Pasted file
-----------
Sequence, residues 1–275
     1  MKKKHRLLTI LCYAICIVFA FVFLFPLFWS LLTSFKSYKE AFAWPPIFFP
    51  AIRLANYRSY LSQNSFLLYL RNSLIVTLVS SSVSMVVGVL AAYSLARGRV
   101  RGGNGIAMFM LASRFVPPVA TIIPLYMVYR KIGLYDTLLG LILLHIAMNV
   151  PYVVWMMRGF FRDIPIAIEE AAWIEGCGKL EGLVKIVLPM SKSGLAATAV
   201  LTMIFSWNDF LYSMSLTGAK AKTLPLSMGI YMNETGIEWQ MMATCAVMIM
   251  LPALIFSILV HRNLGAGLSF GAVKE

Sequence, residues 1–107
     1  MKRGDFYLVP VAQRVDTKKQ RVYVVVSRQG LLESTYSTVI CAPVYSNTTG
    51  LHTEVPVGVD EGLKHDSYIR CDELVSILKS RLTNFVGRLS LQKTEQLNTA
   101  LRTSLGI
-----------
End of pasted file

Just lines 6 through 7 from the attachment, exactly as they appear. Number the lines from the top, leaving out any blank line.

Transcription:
   201  LTMIFSWNDF LYSMSLTGAK AKTLPLSMGI YMNETGIEWQ MMATCAVMIM
   251  LPALIFSILV HRNLGAGLSF GAVKE